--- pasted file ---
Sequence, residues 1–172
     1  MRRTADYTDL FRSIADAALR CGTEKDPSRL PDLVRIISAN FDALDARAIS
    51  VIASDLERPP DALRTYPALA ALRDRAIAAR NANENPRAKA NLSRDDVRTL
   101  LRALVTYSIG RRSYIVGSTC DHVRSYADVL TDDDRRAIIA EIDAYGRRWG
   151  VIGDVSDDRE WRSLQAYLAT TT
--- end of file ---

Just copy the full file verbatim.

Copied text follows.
Sequence, residues 1–172
     1  MRRTADYTDL FRSIADAALR CGTEKDPSRL PDLVRIISAN FDALDARAIS
    51  VIASDLERPP DALRTYPALA ALRDRAIAAR NANENPRAKA NLSRDDVRTL
   101  LRALVTYSIG RRSYIVGSTC DHVRSYADVL TDDDRRAIIA EIDAYGRRWG
   151  VIGDVSDDRE WRSLQAYLAT TT